As days become longer, the sights and sounds of spring come into focus across Manitoba’s prairie landscape. Farmers start moving equipment into place, working long hours and hard days to plant their crops that they will care for and agonize over for months. This includes returning key nutrients to the soil by applying manure.

Manure, just like for a person’s personal garden, is a valuable organic fertilizer used by farmers for over 10,000 years to help build and maintain soil health. Hog manure returns vital nutrients like nitrogen to the soil while enriching it further, helping farmers grow healthy and nutritious food. Organic fertilizer, like hog manure, also helps farmers reduce the need for non-renewable synthetic fertilizers, which are often imported from other parts of the world.

“All crops require nitrogen and phosphorus to grow,” says Scott Dick, co-founder of Agra-Gold Consulting. “Manure is an excellent source of these essential nutrients, and our team provides expert nutrient management services for farmers to ensure that manure is applied at the right rate, at the right time and in the right place to meet the nutrient needs of the farmland.”

Scott and his team are a key part of Manitoba hog farmers’ commitment to protecting our natural resources. To prevent runoff and safeguard our waterways, farmers must file annual manure management plans with the provincial government, which must be designed and managed by registered manure management planners, like Scott.

“There are many steps in developing and carrying out a manure management plan,” Scott explains. “First, we must file a plan with Manitoba Environment and Climate. Then, we physically go out into the field and take soil tests to understand what nutrients are in the field already. After that, we provide farmers with a recommendation as to how many more nutrients they need for their crop, and work with a contractor to remove manure from storage and apply it to the field at the proper rates. Finally, we file an application report with Manitoba Conservation and Climate, identifying when we applied, where we applied, and how much we applied.”

According to Statistics Canada, about 90 percent of hog manure in Manitoba is injected under the soil surface or incorporated into the soil, the highest rate in Canada. This method of application ensures that valuable nutrients are not lost through runoff but remain firmly in the soil for uptake by plant roots — it’s nutrient recycling at its best. It also mitigates odour and greenhouse gas emissions.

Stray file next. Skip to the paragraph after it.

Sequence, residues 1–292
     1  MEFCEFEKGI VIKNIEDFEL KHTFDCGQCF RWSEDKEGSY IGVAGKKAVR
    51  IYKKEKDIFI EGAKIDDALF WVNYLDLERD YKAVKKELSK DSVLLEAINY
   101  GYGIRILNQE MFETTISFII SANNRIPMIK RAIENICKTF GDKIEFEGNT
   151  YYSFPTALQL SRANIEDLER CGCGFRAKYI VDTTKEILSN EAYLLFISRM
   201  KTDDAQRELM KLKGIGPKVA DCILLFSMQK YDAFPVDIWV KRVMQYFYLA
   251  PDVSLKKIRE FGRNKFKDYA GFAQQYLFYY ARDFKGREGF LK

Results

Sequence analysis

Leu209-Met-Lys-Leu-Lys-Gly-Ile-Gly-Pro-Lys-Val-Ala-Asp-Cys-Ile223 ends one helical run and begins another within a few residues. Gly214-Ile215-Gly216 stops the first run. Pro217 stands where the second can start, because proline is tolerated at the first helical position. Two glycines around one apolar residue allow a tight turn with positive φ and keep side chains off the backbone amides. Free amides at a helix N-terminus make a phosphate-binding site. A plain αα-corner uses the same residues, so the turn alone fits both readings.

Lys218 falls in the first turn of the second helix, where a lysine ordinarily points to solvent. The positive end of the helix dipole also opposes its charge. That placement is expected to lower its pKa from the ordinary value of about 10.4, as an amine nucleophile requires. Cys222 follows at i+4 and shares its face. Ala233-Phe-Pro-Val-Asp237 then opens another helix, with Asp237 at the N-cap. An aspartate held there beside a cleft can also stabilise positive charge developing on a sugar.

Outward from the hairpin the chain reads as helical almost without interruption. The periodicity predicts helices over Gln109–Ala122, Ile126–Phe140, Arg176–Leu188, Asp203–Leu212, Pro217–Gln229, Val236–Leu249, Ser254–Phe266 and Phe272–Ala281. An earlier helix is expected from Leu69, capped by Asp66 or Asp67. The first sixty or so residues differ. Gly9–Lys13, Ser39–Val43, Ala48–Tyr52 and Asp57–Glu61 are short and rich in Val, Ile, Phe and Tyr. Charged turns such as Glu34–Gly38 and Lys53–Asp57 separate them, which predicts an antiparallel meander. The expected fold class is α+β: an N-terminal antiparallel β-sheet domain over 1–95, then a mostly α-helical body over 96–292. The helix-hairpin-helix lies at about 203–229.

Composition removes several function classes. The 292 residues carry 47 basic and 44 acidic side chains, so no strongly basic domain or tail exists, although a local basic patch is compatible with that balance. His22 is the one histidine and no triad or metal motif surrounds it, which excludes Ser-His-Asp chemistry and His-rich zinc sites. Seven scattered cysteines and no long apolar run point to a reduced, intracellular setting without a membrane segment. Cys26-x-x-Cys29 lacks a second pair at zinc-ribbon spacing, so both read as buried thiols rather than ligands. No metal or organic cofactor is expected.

Another key part of Scott’s work involves going out to farms across the province to sample water from monitoring wells. This provides farmers with up-to-date and timely information about their facilities and helps to ensure ground water is never at risk.

“Monitoring wells act as an early detection system similar to the check engine light on your car,” Scott adds. “Regular monitoring of these wells ensures that manure storages are properly and vigorously protecting the land and waterways nearby. Our team, alongside Manitoba hog farmers, test hundreds of monitoring wells around manure storage systems and design manure management plans. It is my job to ensure that farmers receive accurate reporting in the protection of our groundwater.”

Other environmental advancements that the hog sector has spearheaded have successfully resulted in hog farms emitting about 35 percent less greenhouse gas emissions than they did 50 years ago. Thanks to improved environmental practices and the adoption of enhancements to barn construction, lighting, heating, and insulation, Manitoba hog farmers are producing food that ensures Manitobans are eating more sustainably.

“I love working with farmers and helping them grow the food that goes on our tables while protecting our environment,” Scott says. “Every day, I can see that Manitoba hog farmers are passionate about protecting the environment, and they are committed to following best management practices that meet or exceed environmental regulations.”

Manitoba’s hog farmers raise the animals and help grow the crops that feed us here at home and millions of people around the world. This spring, as the crops are planted and crops begin to blossom, farmers will once again do what they have done for generations: protect our land and water so that future generations can continue to grow food for the world.
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Scott Dick


Manitoba Pork represents 624 Manitoba hog farms

Manitoba Pork

Manitoba Pork’s office at 28 Terracon Place is open weekdays from 8:30 a.m. to 4:30 p.m, closed from 12:00 p.m. to 12:45 p.m. for lunch. As much as possible, please contact by emailing or phoning in requests for information, ear tags, and other resources. Contact us by phone, fax, email or regular mail.

Tel: 204-237-7447
Fax: 204-237-9831
24-hour Emergency Contact Line: 1-833-310-0108

28 Terracon Place
Winnipeg, MB, Canada
R2J 4G7